The best advice if you are worried about your pet is to call your veterinarian or a veterinarian several hours before close of the business day. If your pet is sick, do not wait until the end of the business day to call about receiving care. You know how it is at the end of the workday. Think about whether you would want to stay an extra 2 or 3 hours if a customer just showed up right before close. This is rude and, often, you knew your pet was sick before 12pm on Saturday or 5 or 6pm on a weeknight. Therefore, expect that you may be told to go to the emergency clinic if you call or show up right before closing time. Unfortunately, when you do not have a relationship with that veterinary hospital, you are more likely be told to go to the emergency clinic than if they know you. Remember, most veterinary clinics or hospitals are small businesses that run on daily revenue. They are less likely to pay people to stay after hours if they don’t know you and can be assured that you will pay for services or agree to care if they do stay open for an extra hour.

If you have to go to a veterinary emergency clinic, expect to spend at least $350 to $500 dollars. Emergency clinics often have a minimum office visit fee that is often 2 to 3 times what a regular hospital charges. They will do more diagnostics than your regular vet and often cannot reach your regular veterinary hospital which makes having copies of all records important for after hours or holiday emergency visits.

Other tips for emergency visits to either an emergency clinic or a new vet hospital

Give a good history and answer all questions as best you can. Sometimes what seem to be insignificant changes or details are actually the key to figuring out what is wrong. Remember this veterinarian does not know your pet like your regular veterinarian does so don’t leave out any details and be as honest as possible.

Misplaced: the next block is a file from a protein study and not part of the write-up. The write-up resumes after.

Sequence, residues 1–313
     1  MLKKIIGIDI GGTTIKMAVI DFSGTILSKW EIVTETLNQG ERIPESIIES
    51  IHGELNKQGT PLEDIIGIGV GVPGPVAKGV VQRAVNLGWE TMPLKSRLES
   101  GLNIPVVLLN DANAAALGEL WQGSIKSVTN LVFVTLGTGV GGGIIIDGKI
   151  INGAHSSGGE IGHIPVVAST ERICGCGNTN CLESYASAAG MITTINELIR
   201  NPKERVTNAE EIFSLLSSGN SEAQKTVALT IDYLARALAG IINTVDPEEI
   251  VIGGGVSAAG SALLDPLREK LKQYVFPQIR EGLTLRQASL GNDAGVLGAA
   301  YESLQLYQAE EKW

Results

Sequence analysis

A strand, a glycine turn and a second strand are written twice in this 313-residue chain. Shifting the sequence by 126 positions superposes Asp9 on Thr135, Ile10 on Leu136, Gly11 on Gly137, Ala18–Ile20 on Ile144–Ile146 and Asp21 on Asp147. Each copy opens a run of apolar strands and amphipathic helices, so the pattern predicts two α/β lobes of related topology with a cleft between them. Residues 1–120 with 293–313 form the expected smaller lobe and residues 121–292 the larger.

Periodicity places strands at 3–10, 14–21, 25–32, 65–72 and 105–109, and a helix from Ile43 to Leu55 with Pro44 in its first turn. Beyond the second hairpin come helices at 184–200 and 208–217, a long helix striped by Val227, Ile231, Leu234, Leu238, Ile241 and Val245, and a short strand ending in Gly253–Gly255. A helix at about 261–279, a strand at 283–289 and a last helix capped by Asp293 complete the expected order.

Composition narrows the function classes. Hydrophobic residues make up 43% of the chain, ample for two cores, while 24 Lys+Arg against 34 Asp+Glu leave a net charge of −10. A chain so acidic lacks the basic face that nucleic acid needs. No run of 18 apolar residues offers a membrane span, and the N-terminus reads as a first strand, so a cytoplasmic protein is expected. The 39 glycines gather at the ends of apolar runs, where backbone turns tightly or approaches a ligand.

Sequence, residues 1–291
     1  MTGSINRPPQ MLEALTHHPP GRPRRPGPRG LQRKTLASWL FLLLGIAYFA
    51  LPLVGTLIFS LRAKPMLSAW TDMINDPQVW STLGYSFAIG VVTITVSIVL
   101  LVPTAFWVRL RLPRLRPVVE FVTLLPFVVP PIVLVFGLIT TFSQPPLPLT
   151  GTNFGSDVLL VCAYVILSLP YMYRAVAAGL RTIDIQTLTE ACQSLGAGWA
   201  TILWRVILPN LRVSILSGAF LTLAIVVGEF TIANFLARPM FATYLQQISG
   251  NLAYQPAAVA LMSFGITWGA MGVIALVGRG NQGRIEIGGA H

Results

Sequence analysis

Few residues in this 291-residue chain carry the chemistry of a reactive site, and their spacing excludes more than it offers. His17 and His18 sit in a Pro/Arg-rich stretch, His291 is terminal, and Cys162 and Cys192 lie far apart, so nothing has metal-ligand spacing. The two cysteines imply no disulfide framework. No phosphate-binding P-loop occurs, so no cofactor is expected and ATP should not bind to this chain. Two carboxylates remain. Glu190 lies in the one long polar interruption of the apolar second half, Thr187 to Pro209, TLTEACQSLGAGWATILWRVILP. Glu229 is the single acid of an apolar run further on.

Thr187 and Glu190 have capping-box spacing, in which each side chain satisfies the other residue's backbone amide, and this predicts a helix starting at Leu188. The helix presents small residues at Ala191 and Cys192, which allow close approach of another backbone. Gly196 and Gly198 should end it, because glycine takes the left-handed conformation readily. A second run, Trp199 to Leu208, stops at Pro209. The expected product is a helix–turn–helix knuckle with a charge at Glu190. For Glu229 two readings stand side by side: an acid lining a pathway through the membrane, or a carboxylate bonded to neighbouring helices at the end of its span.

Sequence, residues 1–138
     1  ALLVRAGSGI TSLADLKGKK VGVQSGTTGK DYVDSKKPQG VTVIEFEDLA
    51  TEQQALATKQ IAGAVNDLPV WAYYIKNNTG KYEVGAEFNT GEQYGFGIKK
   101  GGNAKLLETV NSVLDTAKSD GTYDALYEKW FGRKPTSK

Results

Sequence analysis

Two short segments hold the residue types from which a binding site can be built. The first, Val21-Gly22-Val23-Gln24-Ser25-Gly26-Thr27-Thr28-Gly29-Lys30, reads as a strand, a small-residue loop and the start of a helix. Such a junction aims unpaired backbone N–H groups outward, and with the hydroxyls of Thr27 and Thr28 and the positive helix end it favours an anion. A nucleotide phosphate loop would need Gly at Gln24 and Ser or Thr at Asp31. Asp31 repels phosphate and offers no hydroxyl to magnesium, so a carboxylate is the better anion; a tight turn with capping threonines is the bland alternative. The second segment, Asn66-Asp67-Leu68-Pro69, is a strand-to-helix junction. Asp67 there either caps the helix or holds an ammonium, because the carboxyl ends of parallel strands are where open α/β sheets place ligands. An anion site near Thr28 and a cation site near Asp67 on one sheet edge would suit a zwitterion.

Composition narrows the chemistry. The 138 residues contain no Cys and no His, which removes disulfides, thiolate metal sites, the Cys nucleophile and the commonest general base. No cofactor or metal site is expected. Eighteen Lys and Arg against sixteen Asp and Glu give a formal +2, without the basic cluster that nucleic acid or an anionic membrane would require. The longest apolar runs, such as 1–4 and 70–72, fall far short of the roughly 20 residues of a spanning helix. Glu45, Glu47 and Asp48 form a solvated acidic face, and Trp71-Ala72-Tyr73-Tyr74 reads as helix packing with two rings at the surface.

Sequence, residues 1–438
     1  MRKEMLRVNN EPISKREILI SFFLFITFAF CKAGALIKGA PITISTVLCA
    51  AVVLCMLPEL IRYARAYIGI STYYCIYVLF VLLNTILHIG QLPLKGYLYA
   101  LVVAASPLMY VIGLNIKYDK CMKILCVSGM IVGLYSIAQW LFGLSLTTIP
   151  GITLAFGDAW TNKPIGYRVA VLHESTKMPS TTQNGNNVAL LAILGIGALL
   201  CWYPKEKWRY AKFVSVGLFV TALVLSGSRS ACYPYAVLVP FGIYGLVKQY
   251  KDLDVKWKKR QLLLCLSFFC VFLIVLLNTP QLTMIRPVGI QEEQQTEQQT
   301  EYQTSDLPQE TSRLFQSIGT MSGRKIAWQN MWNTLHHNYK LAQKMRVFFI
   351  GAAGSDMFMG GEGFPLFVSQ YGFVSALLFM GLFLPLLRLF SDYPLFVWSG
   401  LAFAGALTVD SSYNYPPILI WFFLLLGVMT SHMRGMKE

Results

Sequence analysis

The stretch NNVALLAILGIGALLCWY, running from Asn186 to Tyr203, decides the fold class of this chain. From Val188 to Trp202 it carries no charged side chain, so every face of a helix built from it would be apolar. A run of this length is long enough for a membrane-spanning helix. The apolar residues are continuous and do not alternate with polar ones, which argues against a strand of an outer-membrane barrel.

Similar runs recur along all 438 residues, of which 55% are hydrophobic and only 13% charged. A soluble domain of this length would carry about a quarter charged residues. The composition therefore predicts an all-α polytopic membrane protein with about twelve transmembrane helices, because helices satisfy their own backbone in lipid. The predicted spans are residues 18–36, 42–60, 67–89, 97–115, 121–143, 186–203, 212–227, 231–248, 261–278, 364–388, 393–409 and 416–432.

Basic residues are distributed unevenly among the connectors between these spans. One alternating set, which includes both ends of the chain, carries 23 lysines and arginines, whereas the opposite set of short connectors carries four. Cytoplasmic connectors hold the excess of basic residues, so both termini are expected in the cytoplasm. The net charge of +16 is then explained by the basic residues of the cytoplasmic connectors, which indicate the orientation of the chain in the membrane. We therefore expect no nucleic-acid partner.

Sometimes questions or subjects may be embarrassing to discuss. Even if you are embarrassed by your pet eating underwear, dirty diapers or drugs (prescription or recreational), the veterinarian will be less likely to judge you than you think. Even if he/she does seem shocked, it is irrelevant as you will likely never see him again after your pet is well. Plus, not being up front may result in delayed treatment and even death for your pet. I can tell stories of clients denying something and later changing their original answer several days later. In these situations the best treatment was delayed or not considered for a long period of time. The major consequences of this is a ravaging on your pocketbook and often worsening of your pets health due to delaying the best treatment. Furthermore, if you think that a lawsuit will solve the problem, you will find that an expert witness will likely find in the favor of the veterinarian as you were not upfront on the problem and this delayed or prevented appropriate care.